Btw, I didn't walk until I was 18m and neither did my brother. Neither of us had any special needs.

mum38 Fri 10-Jun-05 13:19:40

hi there. My ds2 (nearly 6) has a speech and language impairment plus motor skill problems. ALot of what you wrote reminded me of my ds2 a few years ago but I don't think ds2 was saying as much as your ds -only putting 2 words together at 3 I seem to remember.

I'm not a SALT but it sounds like your ds might have both some language and speech issues. My ds2 would miss the ends of words too. He needed SALT to learn to make alot of speech sounds (s, f, sh, c, g). We got the jolly phoncs books (from the elc) when he started nursery and they helped too. If you haven't come across them they are phonics books -for each letter there is a hand movement as well as the sound. It really helped ds2. It might be stating the obvious but have you has your ds's hearing checked. My ds2 has had lots of problems with glue ear which hasn't helped his speech development.

My ds2 also had alot of problems making sentences. Firstly he didn't have very many verbs and didn't have a clue about any of the opposites you mention. It sounds like your could benefit from speech therapy -we had alot of therapy on language playing games like put the teddy on the chair. now put the teddy under the chair. Learning some makaton signs really helped with on/off big/little etc. He could also colour match but not name colours -this has come very recently.

My ds2 would also switch in conversations if he found the converation difficult. Also he would repeat the last of 2 choices given even if he preferred the first option. It might be worth reducing how much you say to him. i.e keep in really simple such as *name* sit down. It sounds really abrupt but it does help a language delayed child understand. I don't have any experience of SPD -hopefully someone will!! if you want to ask me anything please do..Good luckxxx

jenkins88 Fri 10-Jun-05 14:11:19

First of all I'm so sorry for that ridiculous and long post. I regretted it almost as soon as I sent it, and was surprised that I got any replies.

The HV came round this morning to do a developmental review and he failed everything so she's refered him to a developmental paed. She said that the waiting lists are not too long so hopefully we'll be seen soon. I told her that I had phoned the clinic where he has been refered for SALT but they wouldn't give me any info on how long the wait for an assessment was and wouldn't commit to calling me back. Her advice was to call them again and get a factsheet on exercises I could do at home with him. I'm not sure if this is a good idea because the more I try to work on his speech, the more frustrated and anxious I get that he isn't progressing. I think it would be best to wait for the dev pead apointment and then try to arrange for a private speech and language assessment.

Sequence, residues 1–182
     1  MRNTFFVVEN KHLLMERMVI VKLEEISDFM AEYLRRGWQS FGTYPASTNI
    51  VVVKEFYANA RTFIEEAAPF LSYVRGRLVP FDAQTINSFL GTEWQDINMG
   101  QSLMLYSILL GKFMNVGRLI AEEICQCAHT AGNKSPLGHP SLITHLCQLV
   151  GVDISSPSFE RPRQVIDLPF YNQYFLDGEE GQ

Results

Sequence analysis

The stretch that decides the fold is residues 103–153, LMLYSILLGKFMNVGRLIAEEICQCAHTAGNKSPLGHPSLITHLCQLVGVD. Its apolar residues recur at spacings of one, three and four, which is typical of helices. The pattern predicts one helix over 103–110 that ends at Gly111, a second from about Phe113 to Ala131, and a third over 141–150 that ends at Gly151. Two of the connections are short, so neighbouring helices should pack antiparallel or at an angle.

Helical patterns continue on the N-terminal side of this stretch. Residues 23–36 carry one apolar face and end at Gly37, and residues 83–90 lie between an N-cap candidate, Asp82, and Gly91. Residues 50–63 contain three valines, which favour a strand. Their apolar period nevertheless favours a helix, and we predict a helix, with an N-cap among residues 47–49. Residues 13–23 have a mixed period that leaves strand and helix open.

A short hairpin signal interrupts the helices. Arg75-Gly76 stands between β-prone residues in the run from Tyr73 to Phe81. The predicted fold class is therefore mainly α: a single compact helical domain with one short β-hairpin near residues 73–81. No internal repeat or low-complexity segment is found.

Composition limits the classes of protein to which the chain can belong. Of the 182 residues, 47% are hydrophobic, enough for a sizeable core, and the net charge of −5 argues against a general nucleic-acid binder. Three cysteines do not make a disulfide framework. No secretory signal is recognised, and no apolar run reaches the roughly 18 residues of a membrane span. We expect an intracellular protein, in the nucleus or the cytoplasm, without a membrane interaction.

Saker - thanks for the link. It was one of the websites that made me think that DS had SPD. The recordings of a 3 year old were spookily similar to how DS sounds.

Pages - I wasn't at all concerned that DS didn't walk until 18 months and neither was his HV. I was told that anywhere between 9 - 18 months was considered normal. It just struck me as odd that the SALT mentioned it in her referal. I also told her that he couldn't breast feed and had to use orthodentic teats until he was 2 years old, which I thought was much more relevant, didn't interest her.

Mum38 - Our boys do sound quite similar. DS does put lots of sounds together, but you either can't hear what he is saying or he puts all the words in the wrong order. He's got his hearing test booked for the 28th June. I think his hearing is ok because there doesn't seem to be any tones that he doesn't pick up on. The Jolly Phonics stuff sound good, I'll have a look out for them.How do you start something like Makaton. I've heard lots about it, but do you have to go on a course or something to learn it. I really think that something like this could help DS as it would take the pressure off him needing to express himself verbally. I think he's getting very frustrated and seems angry when I don't understand him.

Blossomhill Fri 10-Jun-05 14:54:26

Hi

My dd (nearly 6) has a pragmatic language disorder. Not so sure it's spd as such as she is good with semantics but very similar all the same. Dd attends a SALT unit attached to a mainstream school.
Please feel free to ask any questions

mum38 Fri 10-Jun-05 22:26:44

hi again!